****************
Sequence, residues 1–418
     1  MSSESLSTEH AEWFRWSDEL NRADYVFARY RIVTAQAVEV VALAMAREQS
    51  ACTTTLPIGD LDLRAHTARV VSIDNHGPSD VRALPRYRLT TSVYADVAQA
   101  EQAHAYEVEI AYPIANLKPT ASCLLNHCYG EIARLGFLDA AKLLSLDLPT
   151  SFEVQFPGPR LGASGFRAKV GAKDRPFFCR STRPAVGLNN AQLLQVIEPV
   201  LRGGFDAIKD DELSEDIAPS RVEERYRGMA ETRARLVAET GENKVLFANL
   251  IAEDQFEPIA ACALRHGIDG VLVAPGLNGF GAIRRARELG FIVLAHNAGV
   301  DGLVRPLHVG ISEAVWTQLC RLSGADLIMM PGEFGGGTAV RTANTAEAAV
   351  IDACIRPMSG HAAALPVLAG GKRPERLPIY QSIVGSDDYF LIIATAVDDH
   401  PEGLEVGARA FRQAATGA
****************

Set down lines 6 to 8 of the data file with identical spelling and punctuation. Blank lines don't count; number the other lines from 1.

   201  LRGGFDAIKD DELSEDIAPS RVEERYRGMA ETRARLVAET GENKVLFANL
   251  IAEDQFEPIA ACALRHGIDG VLVAPGLNGF GAIRRARELG FIVLAHNAGV
   301  DGLVRPLHVG ISEAVWTQLC RLSGADLIMM PGEFGGGTAV RTANTAEAAV